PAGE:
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Water Efficiency We waste water and money.
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Frequently Asked Questions
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It’s up to all of us to conserve water.

Water covers about 71 percent of the Earth’s surface, but only 3 percent of the world’s water is fresh water. Only 1 percent is available for drinking water.

Around the world, as people use more and more water daily, many areas are now reaching the limits of their supply.

Unfortunately, there will never be “new” water. The water that was around during the dinosaur era is the same water that we use today and will be used in the future.

So it’s urgent that we conserve and protect our water supply.

We waste water and money.

Consider these facts about water use in the United States:

  • Between 1950 and 2000, as our population nearly doubled, public demand for water more than tripled. Americans now use an average of 100 gallons of water per person each day — mostly in the home. That’s enough to fill 1,600 drinking glasses.
  • American households use an average of about 107,000 gallons of water each year.
  • One-half to two-thirds of the water used by Americans at home is used to water lawns and gardens, according to the U.S. Environmental Protection Agency (EPA).
  • About 14 percent of the water used in our homes is wasted — it leaks down the drain, says the EPA.
  • The average household spends as much as $500 per year on its water and sewer bill. A few simple changes could save you about $170 per year.
  • If all U.S. households installed water-efficient appliances, the country would save more than 3 trillion gallons of water and more than $18 billion dollars per year.

When we use water more efficiently, we reduce the need for costly water supply infrastructure investments and new wastewater treatment facilities.

We also save energy. For example, letting your faucet run for five minutes uses about as much energy as burning a 60-watt light bulb for 14 hours.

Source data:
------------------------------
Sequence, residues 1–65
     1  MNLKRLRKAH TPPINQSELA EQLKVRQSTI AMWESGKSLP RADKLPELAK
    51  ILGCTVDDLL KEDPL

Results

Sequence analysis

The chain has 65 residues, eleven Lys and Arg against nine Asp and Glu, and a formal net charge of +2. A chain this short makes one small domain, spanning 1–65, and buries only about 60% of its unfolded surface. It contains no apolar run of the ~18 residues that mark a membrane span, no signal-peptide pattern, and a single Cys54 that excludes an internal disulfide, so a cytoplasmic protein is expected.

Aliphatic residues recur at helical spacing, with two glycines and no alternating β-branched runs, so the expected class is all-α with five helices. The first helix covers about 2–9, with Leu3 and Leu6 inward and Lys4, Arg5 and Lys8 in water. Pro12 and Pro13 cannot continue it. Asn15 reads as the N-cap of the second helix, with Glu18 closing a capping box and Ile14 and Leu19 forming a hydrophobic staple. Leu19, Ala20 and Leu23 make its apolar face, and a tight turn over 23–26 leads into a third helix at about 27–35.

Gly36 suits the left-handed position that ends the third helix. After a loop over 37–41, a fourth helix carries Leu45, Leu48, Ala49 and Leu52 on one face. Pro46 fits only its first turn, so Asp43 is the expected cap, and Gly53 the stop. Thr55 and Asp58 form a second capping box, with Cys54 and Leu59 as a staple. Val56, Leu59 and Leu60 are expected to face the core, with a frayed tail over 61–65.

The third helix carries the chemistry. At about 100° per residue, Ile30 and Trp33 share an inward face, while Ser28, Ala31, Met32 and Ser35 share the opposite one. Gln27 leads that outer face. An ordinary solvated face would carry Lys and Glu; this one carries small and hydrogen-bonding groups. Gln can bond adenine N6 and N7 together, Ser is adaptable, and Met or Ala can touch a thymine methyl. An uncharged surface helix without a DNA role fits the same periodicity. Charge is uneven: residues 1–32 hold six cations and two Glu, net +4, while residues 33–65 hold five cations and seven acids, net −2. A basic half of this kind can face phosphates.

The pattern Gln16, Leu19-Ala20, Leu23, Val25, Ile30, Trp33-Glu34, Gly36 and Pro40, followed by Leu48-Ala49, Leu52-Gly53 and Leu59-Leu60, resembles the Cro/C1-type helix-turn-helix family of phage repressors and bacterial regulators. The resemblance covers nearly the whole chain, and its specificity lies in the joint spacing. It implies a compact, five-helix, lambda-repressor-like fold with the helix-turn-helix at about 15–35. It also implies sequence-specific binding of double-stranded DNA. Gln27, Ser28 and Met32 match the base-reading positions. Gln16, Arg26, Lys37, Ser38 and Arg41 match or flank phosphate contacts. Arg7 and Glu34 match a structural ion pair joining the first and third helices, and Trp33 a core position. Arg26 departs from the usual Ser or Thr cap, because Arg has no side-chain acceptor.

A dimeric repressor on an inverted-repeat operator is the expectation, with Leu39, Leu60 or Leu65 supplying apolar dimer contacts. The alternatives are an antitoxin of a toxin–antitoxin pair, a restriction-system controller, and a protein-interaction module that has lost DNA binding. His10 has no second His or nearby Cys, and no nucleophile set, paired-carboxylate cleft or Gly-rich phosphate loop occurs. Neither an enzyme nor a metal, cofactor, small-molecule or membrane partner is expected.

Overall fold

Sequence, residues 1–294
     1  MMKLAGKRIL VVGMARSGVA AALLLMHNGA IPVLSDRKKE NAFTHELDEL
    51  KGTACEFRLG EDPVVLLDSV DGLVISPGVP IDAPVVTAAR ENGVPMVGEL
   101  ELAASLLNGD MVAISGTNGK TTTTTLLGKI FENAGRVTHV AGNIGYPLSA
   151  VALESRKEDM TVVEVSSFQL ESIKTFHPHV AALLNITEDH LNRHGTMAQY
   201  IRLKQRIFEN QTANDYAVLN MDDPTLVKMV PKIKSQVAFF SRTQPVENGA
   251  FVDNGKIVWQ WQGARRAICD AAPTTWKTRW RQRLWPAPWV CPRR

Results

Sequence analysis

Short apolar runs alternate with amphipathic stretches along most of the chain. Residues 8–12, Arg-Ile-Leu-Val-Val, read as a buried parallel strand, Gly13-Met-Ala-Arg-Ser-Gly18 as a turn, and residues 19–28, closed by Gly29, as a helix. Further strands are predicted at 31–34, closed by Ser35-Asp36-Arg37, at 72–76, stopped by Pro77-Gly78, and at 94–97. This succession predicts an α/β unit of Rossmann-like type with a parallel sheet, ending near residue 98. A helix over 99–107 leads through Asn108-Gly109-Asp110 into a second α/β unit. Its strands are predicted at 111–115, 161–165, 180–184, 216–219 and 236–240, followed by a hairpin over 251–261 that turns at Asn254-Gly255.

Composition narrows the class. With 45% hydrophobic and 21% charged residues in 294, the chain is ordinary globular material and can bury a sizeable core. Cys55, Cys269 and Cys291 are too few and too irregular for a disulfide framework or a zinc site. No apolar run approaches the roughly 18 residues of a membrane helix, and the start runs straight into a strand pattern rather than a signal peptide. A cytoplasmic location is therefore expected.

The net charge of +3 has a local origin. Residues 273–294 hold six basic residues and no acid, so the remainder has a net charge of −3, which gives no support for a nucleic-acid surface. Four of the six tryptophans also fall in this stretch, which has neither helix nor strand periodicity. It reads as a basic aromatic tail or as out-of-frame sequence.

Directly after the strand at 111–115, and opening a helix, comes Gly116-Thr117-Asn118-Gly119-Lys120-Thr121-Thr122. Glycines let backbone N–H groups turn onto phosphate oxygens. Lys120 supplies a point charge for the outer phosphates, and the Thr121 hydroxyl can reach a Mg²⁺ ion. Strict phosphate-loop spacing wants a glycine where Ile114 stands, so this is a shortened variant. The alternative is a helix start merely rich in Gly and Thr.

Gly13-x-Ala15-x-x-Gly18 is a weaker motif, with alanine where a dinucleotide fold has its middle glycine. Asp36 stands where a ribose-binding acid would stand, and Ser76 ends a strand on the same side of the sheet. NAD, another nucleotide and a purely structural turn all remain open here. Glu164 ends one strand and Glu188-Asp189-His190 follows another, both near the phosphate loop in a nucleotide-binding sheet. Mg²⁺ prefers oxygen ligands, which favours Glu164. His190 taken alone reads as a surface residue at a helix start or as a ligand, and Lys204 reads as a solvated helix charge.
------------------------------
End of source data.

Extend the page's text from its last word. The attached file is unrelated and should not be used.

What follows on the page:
Recent droughts in South Carolina and an ever increasing demand for clean, fresh water have made people think seriously about conserving water.

There are many ways to reduce daily water use:

  • Stop leaks.
  • Replace old toilets with models that use 1.6 gallons or less per flush.
  • Replace old clothes washers with EPA Energy Star-certified models.
  • Plant a lawn or garden that requires less water.
  • Provide only the water plants need.

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Use WaterSense.

DHEC has joined with the EPA’s WaterSense program to tell you about products that save water in the home and office. Many water-saving products are available and they don’t change the way you live or do business. Look for the WaterSense label on bathroom and lawn products.

Also, consider using a WaterSense irrigation partner for your landscape watering system.

Frequently Asked Questions

Answers to frequently asked questions about drinking water are available. Also, get the facts on water conservation from DHEC's Bureau of Water .

This information can help you reduce your water bill and protect water resources. Give us a call at (803) 898-3542.

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This page was last updated on December 4, 2012.